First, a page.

Poor drainage often creates plant problems

Drainage woes are common in home landscapes, especially in foundation plantings next to the house. Drainage issues can arise in areas where there is hard red clay that holds water for a long period of time.


They also can be found in a subdivision that was built on a former swamp or a lot that was not graded correctly so it doesn't slope away from the house.

All of these scenarios create unfavorable growing conditions for plants. They get "wet feet," which is a catch-all term for a list of diseases and problems associated with poor drainage. Areas with poor drainage tend to hold moisture, and this often causes the roots of a plant to rot.

If root rot affects the crown or major roots, the plant can wilt and die rapidly. If the rot affects only the small "feeder" roots, the plant may decline slowly and just look sickly and be unproductive. The damage may be present on only a part of the root system, resulting in the appearance of yellow, stunted leaves on part of the plant.

Usually, a plant situated in a poorly-drained area will turn yellow in a few months. Many folks throw out some fertilizer, thinking the plants need nitrogen, and this makes things worse. Then they compound the problem by watering too often.

Providing good soil drainage can prevent most root disorders. That means you need to slope beds and lawns so water runs away from the house. In some drastic cases, this may require re-grading, but this may be the only solution if you want to grow plants.

If there is a slope going toward your house, you may have to create a swale to carry the water away from the house.

For those of you in swampy or low areas, grading is usually not the answer. In such cases, you may need to construct drainage channels or install French drains.

Installing gutters can help in many cases if you don't have them. If you have gutters, make sure they drain properly and the downspouts drain away from the plants and don't pool water. Adding an extension pipe on downspouts can help solve problems by releasing the water farther away from the house.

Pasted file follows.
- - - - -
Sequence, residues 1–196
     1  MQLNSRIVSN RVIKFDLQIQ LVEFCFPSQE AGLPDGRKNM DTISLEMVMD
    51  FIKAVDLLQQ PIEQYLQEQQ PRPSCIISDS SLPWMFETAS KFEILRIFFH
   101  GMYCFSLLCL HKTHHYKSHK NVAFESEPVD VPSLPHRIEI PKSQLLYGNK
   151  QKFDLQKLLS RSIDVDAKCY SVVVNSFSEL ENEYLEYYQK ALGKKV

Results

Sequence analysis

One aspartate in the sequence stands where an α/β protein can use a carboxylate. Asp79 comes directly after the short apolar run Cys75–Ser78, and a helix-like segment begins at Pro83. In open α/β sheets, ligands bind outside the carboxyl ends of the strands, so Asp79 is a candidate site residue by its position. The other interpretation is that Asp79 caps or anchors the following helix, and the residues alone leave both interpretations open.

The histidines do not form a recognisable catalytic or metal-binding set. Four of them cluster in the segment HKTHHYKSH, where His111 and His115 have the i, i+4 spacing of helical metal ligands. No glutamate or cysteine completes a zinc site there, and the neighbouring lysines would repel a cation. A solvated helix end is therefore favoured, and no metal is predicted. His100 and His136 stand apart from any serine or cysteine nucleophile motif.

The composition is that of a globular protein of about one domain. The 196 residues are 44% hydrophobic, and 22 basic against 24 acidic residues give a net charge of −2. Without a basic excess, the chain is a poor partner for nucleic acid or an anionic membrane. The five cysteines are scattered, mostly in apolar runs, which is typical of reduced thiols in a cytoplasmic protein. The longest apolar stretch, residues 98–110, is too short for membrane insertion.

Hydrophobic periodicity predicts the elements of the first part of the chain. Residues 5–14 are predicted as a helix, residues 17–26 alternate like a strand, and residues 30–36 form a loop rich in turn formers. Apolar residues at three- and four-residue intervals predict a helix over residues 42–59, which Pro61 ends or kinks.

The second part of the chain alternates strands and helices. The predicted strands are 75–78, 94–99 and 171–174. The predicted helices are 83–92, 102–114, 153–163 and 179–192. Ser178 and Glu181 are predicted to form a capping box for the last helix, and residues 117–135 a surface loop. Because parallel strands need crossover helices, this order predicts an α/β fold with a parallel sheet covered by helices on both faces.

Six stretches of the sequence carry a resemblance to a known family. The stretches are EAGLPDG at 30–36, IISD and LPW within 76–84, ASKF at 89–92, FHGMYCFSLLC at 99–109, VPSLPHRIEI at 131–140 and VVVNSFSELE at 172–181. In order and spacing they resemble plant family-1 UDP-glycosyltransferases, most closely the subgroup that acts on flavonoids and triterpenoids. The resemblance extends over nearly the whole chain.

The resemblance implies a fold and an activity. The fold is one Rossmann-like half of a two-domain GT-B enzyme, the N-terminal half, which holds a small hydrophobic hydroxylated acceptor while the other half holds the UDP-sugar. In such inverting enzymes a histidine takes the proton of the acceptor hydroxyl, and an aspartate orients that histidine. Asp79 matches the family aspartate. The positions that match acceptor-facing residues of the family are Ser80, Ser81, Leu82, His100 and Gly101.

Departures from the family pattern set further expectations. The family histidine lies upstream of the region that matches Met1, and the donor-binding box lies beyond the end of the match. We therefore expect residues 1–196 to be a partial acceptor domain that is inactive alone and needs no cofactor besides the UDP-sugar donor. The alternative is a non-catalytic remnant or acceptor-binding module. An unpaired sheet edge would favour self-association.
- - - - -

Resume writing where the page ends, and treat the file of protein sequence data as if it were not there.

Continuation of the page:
You can also provide drainage by using raised beds, which is particularly good for annuals and tender perennials.

Amending planting beds with 3 to 5 inches of good topsoil or compost will help improve drainage. A general rule of thumb for applying organic matter is to add 25 percent by volume. Using less organic matter than this won't provide enough soil structure change to make a difference.

If you're planting a tree or bush, don't place soil amendments directly in the planting hole. Till or spade the amendments into the entire bed if possible. Dig single planting holes at least twice the size of the root ball.

You can check the drainage conditions before planting by filling the hole with water. If most of the water is still there an hour or two later, a drainage problem is likely. If so, take corrective measures or use only plants tolerant of poorly drained sites.

Never place a plant deeper than the top of the root ball. This is a common mistakemade when it comes to planting. Keep the plant raised up as you are putting the soil back into the hole.

Another common mistake is over-watering. Most plants need about one inch of water per week to look and perform their best, but sometimes less is needed in poorer drained areas. Most shrubs, once established, can go much longer without water. Far too many people water them every other day because they are watering their grass every other day, so the shrubs get it whether they need it or not. This leads to root problems.

Roots need oxygen and excess water forces oxygen out of the root area.

Sid Mullis is the director of the University of Georgia Extension Service Office for Richmond County. Call him at (706) 821-2349, or send e-mail to smullis@uga.edu.


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